50 Years of Pantyhose
Love them or hate them, the once-ubiquitous women’s accessory was a revolutionary invention that helped transform women’s fashion
The story of pantyhose runs in the Gant family. Since the late Allen Gant Sr. introduced the first pair in 1959, his descendents have watched the garment move from high fashion to optional accessory. Three generations of women have now experienced waist-to-toe stockings, and few would be surprised to discover that a man invented pantyhose. But here’s the twist—it was at the request of his wife.
According to Allen Gant Jr., the inventor’s son, Gant Sr. and his wife Ethel Boone Gant were on the overnight train to North Carolina, returning home from the Macy’s Thanksgiving Day Parade in New York City, when a pregnant Ethel informed her husband that this would be her last trip with him—at least until the birth of their child. It was nothing personal, just a matter of comfort. Managing her stockings and garter belt over her expanding belly was becoming difficult, and being a proper lady, she would not be seen in public without her hosiery.
The year was 1953 and if you were a woman, a night on the town meant either squeezing into a girdle or slipping on a garter belt. Formal dress dictated that females wear such intimate, and often uncomfortable, articles of clothing. How else could you hold up your nylons?
Allen Gant Sr., then running textile company Glen Raven Mills, was inspired by his wife’s lament. “How would it be if we made a pair of panties and fastened the stockings to it?” he asked Ethel. She stitched some crude garments together, tried them on, and handed the products to her husband. “You got to figure out how to do this,” she said. Allen brought his wife’s experiment into the office, and with the help of his colleagues Arthur Rogers, J. O. Austin, and Irvin Combs, developed what they later called “Panti-Legs.” Their product—the world’s first commercial pantyhose—began lining department store shelves in 1959.
“It was wonderful,” a 74-year-old Ethel Gant told the Associated Press 30 years later. “Most people my age loved them from the very beginning and couldn’t wait to get a hold of them. I don’t think we’ve ever changed our minds,” she said.
Allen Gant Sr. had at least one satisfied customer, but the panty-stocking combo did not grab most women’s attentions at first. Though the convenience of not having to wear a girdle or garter belt was a plus, what helped pantyhose take hold was the rise of the miniskirt in the mid-1960s.
For the fashion-conscious woman looking to wear a skirt shorter than stockings are long, pantyhose were the perfect fit. When iconic models such as Jean Shrimpton and Twiggy donned their mini skirts, demand for pantyhose exploded and women flocked to the stores for pairs of their own.
“When Twiggy came along, you couldn’t even bar the door,” says Gant Jr., who now holds his father’s previous position as president of Glen Raven Mills. Simultaneously, new kinds of sewing techniques and fabrics—like spandex—brought the cost of the pantyhose down while increasing the range of sizes that could be offered.
By the 1970s and 1980s, pantyhose were a staple in every teen and woman’s wardrobe. As more women headed into the workplace, sales of pantyhose only grew. In return, hosiery manufacturers continued to market new colors, textures, sizes and technology. “The silkiest ever,” teased one Hanes advertisement. “No one knows I’m wearing support pantyhose,” declared another.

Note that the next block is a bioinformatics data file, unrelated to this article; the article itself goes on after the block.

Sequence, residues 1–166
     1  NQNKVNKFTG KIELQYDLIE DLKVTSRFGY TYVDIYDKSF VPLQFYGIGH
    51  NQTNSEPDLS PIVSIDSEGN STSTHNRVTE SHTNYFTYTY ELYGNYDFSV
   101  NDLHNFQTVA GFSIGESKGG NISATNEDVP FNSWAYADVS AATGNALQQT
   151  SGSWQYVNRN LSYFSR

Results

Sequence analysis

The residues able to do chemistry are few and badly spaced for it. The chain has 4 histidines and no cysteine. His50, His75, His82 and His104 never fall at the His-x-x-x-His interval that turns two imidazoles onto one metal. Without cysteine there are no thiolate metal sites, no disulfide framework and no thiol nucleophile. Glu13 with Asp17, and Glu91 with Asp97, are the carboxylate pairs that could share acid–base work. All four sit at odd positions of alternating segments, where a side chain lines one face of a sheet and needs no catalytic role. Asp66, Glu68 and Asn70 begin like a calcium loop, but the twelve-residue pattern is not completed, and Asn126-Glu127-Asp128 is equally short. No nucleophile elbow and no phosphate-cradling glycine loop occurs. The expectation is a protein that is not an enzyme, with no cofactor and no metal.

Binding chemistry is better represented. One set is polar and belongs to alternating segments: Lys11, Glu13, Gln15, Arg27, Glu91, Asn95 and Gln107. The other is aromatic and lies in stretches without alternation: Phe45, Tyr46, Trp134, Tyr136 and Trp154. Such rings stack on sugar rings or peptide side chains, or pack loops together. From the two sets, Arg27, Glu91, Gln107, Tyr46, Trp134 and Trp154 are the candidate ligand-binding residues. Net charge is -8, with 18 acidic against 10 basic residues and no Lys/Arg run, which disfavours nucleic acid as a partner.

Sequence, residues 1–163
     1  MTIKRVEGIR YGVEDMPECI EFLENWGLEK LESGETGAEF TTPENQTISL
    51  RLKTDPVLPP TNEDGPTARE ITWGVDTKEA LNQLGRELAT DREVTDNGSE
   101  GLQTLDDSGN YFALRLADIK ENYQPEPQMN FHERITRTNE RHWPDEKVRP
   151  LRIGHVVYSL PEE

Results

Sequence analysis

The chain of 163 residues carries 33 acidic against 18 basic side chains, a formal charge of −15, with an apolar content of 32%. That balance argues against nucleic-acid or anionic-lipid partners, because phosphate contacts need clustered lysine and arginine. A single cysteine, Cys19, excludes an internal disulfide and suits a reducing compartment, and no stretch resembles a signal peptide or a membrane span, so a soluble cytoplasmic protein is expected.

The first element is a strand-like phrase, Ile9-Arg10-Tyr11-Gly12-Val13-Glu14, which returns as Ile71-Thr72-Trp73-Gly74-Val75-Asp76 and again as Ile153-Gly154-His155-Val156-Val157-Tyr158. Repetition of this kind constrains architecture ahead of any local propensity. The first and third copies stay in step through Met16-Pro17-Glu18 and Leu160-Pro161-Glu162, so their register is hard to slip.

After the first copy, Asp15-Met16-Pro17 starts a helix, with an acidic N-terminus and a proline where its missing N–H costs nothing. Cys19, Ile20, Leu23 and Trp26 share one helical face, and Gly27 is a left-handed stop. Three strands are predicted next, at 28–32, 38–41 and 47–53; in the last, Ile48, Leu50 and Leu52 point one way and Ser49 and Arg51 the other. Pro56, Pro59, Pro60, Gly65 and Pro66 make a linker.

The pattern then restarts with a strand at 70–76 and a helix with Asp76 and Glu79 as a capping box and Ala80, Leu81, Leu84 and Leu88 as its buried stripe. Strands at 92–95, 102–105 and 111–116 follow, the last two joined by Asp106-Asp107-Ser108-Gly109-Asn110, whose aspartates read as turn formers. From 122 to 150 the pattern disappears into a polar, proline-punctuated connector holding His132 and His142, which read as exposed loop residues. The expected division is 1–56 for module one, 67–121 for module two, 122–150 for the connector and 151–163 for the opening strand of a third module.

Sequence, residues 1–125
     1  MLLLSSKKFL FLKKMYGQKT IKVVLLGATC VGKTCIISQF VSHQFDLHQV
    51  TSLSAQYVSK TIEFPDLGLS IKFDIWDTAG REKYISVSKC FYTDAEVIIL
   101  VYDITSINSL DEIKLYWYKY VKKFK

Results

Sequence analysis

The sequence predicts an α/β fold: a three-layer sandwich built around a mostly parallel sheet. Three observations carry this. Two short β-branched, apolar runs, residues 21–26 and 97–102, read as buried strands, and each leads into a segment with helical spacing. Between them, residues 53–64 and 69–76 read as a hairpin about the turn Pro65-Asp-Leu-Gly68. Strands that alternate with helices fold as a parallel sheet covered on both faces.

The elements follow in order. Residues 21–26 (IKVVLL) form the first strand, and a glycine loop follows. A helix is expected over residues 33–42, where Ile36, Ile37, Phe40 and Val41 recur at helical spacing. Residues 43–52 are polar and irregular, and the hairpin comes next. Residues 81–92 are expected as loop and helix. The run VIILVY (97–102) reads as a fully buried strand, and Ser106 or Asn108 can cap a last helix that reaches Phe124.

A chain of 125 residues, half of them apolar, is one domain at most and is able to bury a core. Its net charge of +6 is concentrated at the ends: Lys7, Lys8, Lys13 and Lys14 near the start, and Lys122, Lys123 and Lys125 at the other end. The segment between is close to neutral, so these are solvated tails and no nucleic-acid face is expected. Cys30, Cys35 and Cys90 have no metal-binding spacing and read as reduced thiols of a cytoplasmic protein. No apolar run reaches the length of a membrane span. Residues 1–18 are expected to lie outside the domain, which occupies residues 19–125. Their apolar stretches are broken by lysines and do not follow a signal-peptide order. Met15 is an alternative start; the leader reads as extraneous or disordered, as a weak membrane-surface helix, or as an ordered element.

Those glory days came to an end in the 1990s, a shift that Hosiery Association President Sally Kay attributes to a more relaxed work environment. “You saw the fashion pendulum swing more towards the casual,” she says. The industry witnessed a decline in pantyhose sales, and an increase in other products, such as tights and—with the rise of pants in the workplace—trouser socks.
Today, many women no longer feel pressured to don hosiery at all. First Lady Michelle Obama, considered a fashion trendsetter, has placed the garment in the retired pile. “I stopped wearing pantyhose a long time ago because it was painful. Put ‘em on, rip ‘em—it’s inconvenient,” she said on talk show, The View, last year. Valerie Steele, director and chief curator of The Museum at the Fashion Institute of Technology is also not a fan. “It doesn’t look good for pantyhose,” she says, “The long term trend is for people to dress more and more casually.”
Though numbers are down, with 1.4 billion pairs of pantyhose sold in 2008, it doesn’t appear that pantyhose will go extinct anytime soon. For women in more conservative work environments, pantyhose are still a must. Some others still prefer the more traditional option. “Today’s consumer envisions hosiery as more of an accessory,” Kay explains.
Although Allen Gant Jr. doesn’t distribute pantyhose through Glen Raven Mills, his father’s legacy remains. “I don’t think he had any idea pantyhose would change fashion the way it did,” Gant Jr. says. From the runway, to the office, and now stored away in women’s dresser drawers, the garment has gone through several life cycles. But that’s the order of things in the industry. As designer Coco Chanel once said, “Fashion is made to become unfashionable.”
Correction: An earlier version of this article misspelled dresser drawers.